It is not that self‑assurance equates with rightness or that stubbornness is a virtue; it is that confidence in what one knows and believes is a condition precedent to achieving one’s goals. Failures are inevitable, as are setbacks; only by exerting one’s will may one overcome the failures and setbacks that are needed to achieve success. Because “man’s nature is a sufficient advertisement to him of the character of his fellows,”[21] self-reliance enables cooperative enterprise: “Whilst I do what is fit for me, and abstain from what is unfit, my neighbor and I shall often agree in our means, and work together for a time to one end.”[22] Counterintuitively, only in total isolation and autonomy does “all mean egotism vanish.”[23]

If, as Emerson suggests, a “man is to carry himself in the presence of all opposition, as if everything were titular and ephemeral but he,”[24] how should he treat the poor? Emerson supplies this answer:

Do not tell me, as a good man did to‑day, of my obligation to put all poor men in good situations. Are they my poor? I tell thee, thou foolish philanthropist, that I grudge the dollar, the dime, the cent, I give to such men as do not belong to me and to whom I do not belong. There is a class of persons to whom by all spiritual affinity I am bought and sold; for them I will go to prison, if need be; but your miscellaneous popular charities; the education at college of fools; the building of meeting‑houses to the vain end to which many now stand; alms to sots; and the thousandfold Relief Societies;—though I confess with shame I sometimes succumb and give the dollar, it is a wicked dollar which by and by I shall have the manhood to withhold.[25]

These lines require qualification. Emerson is not damning philanthropy or charity categorically or unconditionally; after all, he will, he says, go to prison for certain individuals with whom he shares a special relationship. “I shall endeavor to nourish my parents, to support my family, to be the chaste husband of one wife,” he elaborates.[26] Emerson is, instead, pointing out, with much exhibition, that one does not act morally simply by giving away money without conviction or to subsidize irresponsible, unsustainable, or exploitative business activities.

It is not moral to give away a little money that you do not care to part with or to fund an abstract cause when you lack knowledge of, and have no stake in, its outcome. Only when you give money to people or causes with which you are familiar,[27] and with whom or which you have something at stake, is your gift meaningful; and it is never moral to give for show or merely to please society. To give morally, you must mean to give morally—and have something to lose. The best thing one can do for the poor is to help them to empower themselves to achieve their own ends and to utilize their own skills—to put “them once more in communication with their own reason.”[28] “A man is fed,” Emerson says, not that he may be fed, but that he may work.”[29] Emerson’s work ethic does not demean the poor; it builds up the poor. It is good and right to enable a poor man to overcome his conditions and to elevate his station in life, but there is no point in trying to establish absolute equality among people, for only the “foolish […] suppose every man is as every other man.”[30] The wise man, by contrast, “shows his wisdom in separation, in gradation, and his scale of creatures and of merits as wide as nature.”[31] Such separation and gradation are elements of the beautiful variety and complexity of the natural, phenomenal world in which man pursues his aims and accomplishes what he wills.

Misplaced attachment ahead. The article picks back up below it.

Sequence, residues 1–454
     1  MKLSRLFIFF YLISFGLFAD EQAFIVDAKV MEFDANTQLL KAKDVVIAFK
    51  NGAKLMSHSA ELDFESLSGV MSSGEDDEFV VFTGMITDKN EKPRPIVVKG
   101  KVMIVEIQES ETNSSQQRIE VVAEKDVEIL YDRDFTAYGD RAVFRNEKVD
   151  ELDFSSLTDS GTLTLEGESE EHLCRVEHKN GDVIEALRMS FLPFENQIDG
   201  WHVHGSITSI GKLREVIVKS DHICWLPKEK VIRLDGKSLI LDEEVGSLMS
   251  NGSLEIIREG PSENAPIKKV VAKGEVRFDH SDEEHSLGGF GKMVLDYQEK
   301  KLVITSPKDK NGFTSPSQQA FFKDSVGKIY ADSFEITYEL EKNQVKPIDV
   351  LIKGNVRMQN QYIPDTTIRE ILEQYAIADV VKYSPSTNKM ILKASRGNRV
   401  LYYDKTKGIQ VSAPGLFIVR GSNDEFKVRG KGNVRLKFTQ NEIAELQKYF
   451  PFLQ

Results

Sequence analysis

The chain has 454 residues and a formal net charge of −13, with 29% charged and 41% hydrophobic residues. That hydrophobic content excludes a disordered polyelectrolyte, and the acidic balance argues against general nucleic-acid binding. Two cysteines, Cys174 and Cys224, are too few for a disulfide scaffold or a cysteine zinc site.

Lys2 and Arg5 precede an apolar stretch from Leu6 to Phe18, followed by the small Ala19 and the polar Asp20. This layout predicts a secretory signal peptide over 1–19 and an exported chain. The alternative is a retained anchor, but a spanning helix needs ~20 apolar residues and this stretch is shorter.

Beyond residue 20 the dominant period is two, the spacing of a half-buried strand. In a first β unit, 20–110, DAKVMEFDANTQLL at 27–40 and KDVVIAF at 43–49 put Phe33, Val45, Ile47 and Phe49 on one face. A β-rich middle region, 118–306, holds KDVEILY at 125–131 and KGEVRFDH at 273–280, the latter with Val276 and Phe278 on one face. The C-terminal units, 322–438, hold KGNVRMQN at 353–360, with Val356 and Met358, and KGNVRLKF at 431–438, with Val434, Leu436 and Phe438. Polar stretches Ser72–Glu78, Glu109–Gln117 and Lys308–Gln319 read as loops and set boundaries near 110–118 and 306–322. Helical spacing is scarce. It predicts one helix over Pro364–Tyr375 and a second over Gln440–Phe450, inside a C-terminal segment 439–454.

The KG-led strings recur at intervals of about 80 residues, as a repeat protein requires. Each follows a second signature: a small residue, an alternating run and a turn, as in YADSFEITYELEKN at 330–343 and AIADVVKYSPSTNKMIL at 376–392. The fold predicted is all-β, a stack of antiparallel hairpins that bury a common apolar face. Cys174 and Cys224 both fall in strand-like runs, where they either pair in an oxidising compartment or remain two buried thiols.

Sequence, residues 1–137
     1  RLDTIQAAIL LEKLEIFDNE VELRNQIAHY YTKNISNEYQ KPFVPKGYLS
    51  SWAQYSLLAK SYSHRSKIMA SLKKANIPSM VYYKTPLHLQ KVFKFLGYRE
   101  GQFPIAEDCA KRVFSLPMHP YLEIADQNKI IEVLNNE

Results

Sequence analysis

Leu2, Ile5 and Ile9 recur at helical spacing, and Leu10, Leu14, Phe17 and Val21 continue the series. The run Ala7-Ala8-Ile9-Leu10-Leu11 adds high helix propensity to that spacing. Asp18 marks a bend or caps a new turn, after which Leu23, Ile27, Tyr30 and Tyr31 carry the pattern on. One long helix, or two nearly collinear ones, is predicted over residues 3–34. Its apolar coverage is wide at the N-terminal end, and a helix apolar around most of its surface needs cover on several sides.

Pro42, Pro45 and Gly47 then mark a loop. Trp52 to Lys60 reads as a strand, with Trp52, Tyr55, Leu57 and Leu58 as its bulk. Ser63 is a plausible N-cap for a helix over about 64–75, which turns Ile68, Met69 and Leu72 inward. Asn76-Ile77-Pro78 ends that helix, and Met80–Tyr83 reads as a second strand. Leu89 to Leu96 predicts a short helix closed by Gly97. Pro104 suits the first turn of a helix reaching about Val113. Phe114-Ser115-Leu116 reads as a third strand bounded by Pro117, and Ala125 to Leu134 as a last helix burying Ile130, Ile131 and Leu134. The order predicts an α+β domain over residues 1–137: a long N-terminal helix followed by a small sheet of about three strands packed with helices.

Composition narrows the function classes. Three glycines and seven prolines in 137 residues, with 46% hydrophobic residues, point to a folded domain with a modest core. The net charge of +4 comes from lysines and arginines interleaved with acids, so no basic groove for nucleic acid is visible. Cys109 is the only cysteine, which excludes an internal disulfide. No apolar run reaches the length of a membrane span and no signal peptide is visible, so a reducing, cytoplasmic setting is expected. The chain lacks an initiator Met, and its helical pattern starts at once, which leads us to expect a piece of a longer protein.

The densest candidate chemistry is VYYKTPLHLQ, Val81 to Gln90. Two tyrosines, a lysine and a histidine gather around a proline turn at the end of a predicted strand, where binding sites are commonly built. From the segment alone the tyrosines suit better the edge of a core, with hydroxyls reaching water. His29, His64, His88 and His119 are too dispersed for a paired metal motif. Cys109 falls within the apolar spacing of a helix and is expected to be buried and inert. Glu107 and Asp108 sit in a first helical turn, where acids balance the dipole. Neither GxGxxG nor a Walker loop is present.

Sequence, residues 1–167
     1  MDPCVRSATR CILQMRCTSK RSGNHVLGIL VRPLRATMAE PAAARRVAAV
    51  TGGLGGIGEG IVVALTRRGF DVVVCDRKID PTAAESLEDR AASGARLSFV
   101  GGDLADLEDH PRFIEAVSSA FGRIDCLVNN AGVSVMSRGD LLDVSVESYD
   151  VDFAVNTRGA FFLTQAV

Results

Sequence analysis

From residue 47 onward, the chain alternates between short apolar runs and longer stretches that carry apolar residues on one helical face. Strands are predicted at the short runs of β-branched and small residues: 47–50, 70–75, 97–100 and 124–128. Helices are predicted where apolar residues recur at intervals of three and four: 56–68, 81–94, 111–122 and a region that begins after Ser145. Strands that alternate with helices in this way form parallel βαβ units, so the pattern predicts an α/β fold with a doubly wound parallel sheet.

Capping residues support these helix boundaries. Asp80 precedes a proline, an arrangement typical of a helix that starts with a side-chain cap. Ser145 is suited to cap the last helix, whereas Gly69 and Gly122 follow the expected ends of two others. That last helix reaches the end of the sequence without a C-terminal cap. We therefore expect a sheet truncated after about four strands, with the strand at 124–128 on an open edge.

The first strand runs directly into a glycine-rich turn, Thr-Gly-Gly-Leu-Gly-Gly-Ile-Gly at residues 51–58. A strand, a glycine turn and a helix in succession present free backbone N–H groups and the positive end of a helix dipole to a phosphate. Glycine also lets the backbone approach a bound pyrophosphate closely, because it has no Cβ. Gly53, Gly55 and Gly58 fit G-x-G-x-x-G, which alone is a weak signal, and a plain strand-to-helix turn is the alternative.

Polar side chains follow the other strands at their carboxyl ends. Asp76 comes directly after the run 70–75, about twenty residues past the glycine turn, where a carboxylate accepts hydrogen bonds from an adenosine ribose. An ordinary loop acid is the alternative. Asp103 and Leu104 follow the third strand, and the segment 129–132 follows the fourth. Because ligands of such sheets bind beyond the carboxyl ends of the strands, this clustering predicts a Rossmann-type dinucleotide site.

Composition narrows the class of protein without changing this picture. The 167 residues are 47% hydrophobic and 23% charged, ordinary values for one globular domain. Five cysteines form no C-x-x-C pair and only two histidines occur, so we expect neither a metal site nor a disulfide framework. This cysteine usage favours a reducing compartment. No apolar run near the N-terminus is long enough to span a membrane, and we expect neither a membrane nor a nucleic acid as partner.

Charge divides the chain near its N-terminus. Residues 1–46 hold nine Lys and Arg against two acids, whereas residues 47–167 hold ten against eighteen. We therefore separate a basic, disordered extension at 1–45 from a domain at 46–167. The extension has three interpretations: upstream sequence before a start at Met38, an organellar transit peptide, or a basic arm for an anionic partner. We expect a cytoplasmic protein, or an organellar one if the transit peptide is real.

Dissent

Emerson famously remarks that a “foolish consistency is the hobgoblin of little minds, adored by little statesmen and philosophers and divines.”[32] Much ink has been spilled to explain (or explain away) these lines. I take them to mean, in context, that although servile flattery and showy sycophancy may gain a person recognition and popularity, they will not make that person moral or great but, instead, weak and dependent. There is no goodness or greatness in a consistency imposed from the outside and against one’s better judgment; many ideas and practices have been consistently bad and made worse by their very consistency. “With consistency,” therefore, as Emerson warns, “a great soul has simply nothing to do.”[33]

Ludwig von Mises seems to have adopted the animating, affirming individualism of Emerson, and even, perhaps, Emerson’s dictum of nonconformity. Troping Emerson, Mises remarks that “literature is not conformism, but dissent.”[34] “Those authors,” he adds, “who merely repeat what everybody approves and wants to hear are of no importance. What counts alone is the innovator, the dissenter, the harbinger of things unheard of, the man who rejects the traditional standards and aims at substituting new values and ideas for old ones.”[35] This man does not mindlessly stand for society and the State and their compulsive institutions; he is “by necessity anti‑authoritarian and anti‑governmental, irreconcilably opposed to the immense majority of his contemporaries. He is precisely the author whose books the greater part of the public does not buy.”[36] He is, in short, an Emersonian, as Mises himself was.

The Marketplace of Ideas